Hurricanes getting bigger, meaner: study

ST. JOHN’S (CUP) — A new study in the scientific journal Nature says hurricanes have become fiercer over the past three decades. The size and power of hurricanes have increased by half in the last 30 years, writes Kerry Emanuel, an expert in atmospheric science at the Massachusetts Institute of Technology.

ST. JOHN’S (CUP) — A new study in the scientific journal Nature says hurricanes have become fiercer over the past three decades. The size and power of hurricanes have increased by half in the last 30 years, writes Kerry Emanuel, an expert in atmospheric science at the Massachusetts Institute of Technology.

But Emanuel’s findings are far from conclusive.

“There is a lot of dispute in the scientific community at the present time,” said Norm Catto, a Geography professor at Memorial and an expert in natural disasters. “[But], there is nobody who has said that hurricanes are weakening.”

Catto says scientists disagree on many issues about hurricanes. While climate change is often blamed for the increase in storms, others suggest the earth’s rising temperature could lower the number of hurricanes in the long term.

Other experts say the change in hurricane frequency and strength is just part of a broader cycle.

“The long and short of it is [that] we don’t know,” said Catto. “[But] I think that climate change, whether it is natural climate change or human-[induced] climate change, is a big factor.”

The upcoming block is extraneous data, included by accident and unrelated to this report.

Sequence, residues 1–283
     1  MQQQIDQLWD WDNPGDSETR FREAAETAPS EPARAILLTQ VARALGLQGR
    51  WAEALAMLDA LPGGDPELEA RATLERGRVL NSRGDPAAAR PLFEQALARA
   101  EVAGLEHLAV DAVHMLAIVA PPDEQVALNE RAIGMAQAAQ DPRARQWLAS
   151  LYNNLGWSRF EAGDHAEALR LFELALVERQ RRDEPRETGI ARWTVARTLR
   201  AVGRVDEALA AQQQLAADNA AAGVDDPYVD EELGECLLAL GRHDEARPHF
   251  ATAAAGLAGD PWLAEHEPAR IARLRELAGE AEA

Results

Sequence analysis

Regardless of the reasons behind the hurricanes, Catto says people should think less about why the storms have worsened and more about how to effectively deal with them.

“We have the ability to greatly minimize the impact of these things because we know when they’re coming,” he said.

Although it is difficult to predict exactly when and where a hurricane will strike, Newfoundland and Labrador is statistically prone to receive one.

“Although we won’t get one of magnitude 5 because we’re too far north, we have received hurricanes of magnitude 1 and 2 over the past 20 years,” he said.

“We have to recognize that these things will occur and we need to be ready … [by] anticipating flooding like we had with Gabriel in 2001 and Gustav in 2002.”

Catto says that regularly inspecting sea walls and drainage systems is vital to preventing too much damage. As well, the government should budget for road repairs and insurance claims.

But, most importantly, citizens must take warnings and evacuation notices seriously.

Once protective measures are in place, people can return to bickering over the cause of the surge in hurricanes’ power, blaming everyone else, or trying to prove facts for certain.

“[It’s important] not to assume that these are one shot events and once it happens then it won’t happen again,” Catto said. “The evidence … is that we do receive these storms quite frequently.”

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